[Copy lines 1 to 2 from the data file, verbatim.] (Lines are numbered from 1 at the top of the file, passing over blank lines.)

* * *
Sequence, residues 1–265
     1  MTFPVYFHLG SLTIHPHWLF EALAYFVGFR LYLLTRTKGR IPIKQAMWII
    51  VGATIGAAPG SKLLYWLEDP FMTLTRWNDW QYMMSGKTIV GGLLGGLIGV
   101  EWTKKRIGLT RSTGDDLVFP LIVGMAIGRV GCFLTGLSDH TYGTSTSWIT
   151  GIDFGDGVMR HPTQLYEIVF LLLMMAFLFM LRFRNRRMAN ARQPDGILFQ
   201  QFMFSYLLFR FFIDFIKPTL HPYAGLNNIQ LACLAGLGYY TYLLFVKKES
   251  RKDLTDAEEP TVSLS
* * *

Sequence, residues 1–265
     1  MTFPVYFHLG SLTIHPHWLF EALAYFVGFR LYLLTRTKGR IPIKQAMWII